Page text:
Marine First Responder Workshop Set For November 20
A first responder workshop was presented by the Riverhead Foundation for Marine Research and Preservation, which operates the New York State Marine Mammal and Sea Turtle Rescue Program. The workshop was held in the Meditation Room of Peninsula Center for Extended Care and Rehabilitation on Saturday, November 20. The orientation program was initiated by Jeanne DuPont of the Rockaway Waterfront Alliance and conducted by two of the Foundation’s biologists, Robert DiGiovanni and Gretchen Kowalik.
The workshop was attended by 15 local residents with an interest in learning the proper procedures as a first responder. A first responder is anyone who comes upon a marine mammal or turtle on the local (or any New York State beach) and reports the find. Both the state and federal governments have laws protecting marine mammals and sea turtles and it is unlawful for anyone to harass or otherwise disturb a stranded animal when found. Through the use of photos, charts and demonstrations the 15 participants learned a great deal about the responsibilities of anyone coming upon a stranded marine mammal or sea turtle.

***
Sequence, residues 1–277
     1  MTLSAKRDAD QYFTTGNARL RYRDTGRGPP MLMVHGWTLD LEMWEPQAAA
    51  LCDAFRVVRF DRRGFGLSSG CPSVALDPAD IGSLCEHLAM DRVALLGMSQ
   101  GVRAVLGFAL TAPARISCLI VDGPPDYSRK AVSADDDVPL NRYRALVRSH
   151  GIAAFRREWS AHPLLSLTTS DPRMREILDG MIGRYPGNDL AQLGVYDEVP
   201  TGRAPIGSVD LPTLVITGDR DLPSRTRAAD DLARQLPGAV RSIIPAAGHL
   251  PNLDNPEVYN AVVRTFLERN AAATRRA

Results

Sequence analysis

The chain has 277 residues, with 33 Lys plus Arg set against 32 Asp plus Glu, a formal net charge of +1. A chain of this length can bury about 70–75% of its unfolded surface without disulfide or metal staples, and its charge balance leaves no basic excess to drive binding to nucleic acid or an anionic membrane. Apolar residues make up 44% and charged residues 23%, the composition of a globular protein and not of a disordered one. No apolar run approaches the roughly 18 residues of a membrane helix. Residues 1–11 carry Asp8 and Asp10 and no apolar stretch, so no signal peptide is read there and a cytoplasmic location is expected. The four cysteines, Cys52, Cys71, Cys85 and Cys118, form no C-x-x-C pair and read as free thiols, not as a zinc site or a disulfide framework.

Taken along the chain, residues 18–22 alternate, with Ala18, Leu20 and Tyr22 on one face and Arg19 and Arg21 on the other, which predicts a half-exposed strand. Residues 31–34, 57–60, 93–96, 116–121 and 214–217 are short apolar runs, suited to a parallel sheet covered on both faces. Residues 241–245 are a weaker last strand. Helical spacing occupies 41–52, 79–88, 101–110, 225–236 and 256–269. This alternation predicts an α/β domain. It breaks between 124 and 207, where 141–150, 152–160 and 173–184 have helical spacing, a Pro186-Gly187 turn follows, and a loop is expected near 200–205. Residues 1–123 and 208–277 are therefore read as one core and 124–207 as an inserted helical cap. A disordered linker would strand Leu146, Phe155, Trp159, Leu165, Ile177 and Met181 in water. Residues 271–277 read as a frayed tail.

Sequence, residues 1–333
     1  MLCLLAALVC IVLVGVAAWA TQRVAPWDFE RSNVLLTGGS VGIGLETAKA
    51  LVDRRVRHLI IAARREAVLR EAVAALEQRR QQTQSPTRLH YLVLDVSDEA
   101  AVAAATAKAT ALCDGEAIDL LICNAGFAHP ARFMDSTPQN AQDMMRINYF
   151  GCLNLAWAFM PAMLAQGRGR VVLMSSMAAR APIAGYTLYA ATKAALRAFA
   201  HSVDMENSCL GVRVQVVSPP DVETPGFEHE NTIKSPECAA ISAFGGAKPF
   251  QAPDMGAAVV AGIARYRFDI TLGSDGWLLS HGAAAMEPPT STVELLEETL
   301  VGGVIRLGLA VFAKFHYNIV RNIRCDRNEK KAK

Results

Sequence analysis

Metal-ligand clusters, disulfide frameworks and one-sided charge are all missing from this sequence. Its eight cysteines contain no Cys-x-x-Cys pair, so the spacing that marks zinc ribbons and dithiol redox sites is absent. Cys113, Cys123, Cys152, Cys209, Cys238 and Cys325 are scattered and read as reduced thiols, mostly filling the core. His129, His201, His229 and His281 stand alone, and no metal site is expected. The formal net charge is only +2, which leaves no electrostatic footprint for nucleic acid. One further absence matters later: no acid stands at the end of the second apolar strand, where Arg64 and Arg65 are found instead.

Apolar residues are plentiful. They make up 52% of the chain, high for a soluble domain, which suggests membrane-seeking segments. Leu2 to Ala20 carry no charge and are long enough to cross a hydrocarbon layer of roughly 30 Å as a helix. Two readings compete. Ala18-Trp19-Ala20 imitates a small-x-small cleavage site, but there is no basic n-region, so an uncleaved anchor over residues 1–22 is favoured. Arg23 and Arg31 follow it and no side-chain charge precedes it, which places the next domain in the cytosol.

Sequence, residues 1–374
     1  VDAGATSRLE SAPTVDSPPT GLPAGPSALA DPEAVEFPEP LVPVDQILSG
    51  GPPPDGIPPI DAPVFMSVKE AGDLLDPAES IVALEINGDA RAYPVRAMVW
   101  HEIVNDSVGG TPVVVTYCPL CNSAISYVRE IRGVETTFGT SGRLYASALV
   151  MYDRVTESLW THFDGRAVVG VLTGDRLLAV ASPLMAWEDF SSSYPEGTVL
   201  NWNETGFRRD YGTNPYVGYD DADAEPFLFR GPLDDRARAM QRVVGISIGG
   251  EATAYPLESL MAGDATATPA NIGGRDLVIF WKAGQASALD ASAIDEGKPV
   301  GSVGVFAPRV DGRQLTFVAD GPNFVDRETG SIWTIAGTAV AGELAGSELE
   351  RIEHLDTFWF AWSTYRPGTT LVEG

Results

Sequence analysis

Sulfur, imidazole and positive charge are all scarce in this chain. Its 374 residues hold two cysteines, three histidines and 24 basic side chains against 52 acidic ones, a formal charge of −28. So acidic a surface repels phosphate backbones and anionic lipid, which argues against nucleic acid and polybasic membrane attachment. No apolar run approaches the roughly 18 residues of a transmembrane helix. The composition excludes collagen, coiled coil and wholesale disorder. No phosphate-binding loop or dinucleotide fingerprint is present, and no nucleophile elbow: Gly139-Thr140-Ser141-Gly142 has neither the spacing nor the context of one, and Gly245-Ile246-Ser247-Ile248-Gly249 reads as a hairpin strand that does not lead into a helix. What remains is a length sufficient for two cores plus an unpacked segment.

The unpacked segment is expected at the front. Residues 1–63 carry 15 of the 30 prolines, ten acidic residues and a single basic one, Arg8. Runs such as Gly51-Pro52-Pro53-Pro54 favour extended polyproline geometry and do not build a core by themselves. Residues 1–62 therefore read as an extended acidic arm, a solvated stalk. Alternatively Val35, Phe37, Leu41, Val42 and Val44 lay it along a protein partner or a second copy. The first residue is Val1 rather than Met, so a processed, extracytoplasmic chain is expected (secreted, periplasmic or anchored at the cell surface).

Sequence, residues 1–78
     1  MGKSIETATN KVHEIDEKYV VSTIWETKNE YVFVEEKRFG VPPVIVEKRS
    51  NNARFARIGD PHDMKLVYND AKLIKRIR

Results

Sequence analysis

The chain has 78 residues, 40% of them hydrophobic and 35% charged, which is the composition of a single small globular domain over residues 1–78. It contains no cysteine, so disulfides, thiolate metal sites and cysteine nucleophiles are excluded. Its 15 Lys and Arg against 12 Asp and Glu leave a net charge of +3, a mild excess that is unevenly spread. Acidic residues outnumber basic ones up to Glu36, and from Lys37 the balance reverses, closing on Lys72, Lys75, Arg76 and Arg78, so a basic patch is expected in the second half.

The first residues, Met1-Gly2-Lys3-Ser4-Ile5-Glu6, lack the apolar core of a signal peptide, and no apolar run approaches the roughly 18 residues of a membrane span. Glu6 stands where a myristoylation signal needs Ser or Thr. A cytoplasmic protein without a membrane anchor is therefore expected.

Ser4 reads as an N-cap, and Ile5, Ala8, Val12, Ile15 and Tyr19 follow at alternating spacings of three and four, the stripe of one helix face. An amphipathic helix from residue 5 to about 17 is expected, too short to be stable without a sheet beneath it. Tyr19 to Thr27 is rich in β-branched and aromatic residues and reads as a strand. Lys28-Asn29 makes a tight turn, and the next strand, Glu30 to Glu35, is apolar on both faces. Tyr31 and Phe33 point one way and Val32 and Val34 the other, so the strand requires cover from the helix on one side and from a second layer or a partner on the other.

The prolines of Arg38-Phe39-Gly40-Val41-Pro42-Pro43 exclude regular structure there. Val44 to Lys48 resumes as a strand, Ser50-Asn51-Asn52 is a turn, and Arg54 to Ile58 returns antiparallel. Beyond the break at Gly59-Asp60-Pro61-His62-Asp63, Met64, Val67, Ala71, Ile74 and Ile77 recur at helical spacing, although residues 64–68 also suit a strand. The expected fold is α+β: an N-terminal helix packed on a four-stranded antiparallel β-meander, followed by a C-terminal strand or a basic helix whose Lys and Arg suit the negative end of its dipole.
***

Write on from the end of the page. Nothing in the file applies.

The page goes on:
In essence the first responder program is geared to find and rescue marine mammals and sea turtles that have, for one reason or another, become stranded on the beach. The animal is then brought back to the Foundation’s headquarters located at the Atlantis Marine World Aquarium in Riverhead, LI. Here it is cared for, rehabilitated and ultimately released if not permanently injured. It was stressed that not all such animals found on the beach may be injured or ill – a determination which is ultimately made by the biologists and experts of the RFMRP.
The first responder’s responsibilities include contacting the Foundation giving location, identification of species, whether the animal appears ill or injured, and attempting to control (as diplomatically as possible) any bystanders who may be determined as harassing or disturbing the animal; this is accomplished by explaining the reasons for not interfering or otherwise bothering the animal. A bystander, without realizing it, may place him/herself in danger if he/she gets too close to the animal. A seal has extremely sharp teeth, a dolphin’s flukes are quite powerful and a bite by a sea turtle’s beak may require more than a bandaid.
For more information on the Foundation’s program and operations call 631- 369-9840 or go to wwww.riverhead foundation.org. For information on the Rockaway Waterfront Alliance call 718- 327-5919 or go to www.rwalliance.org.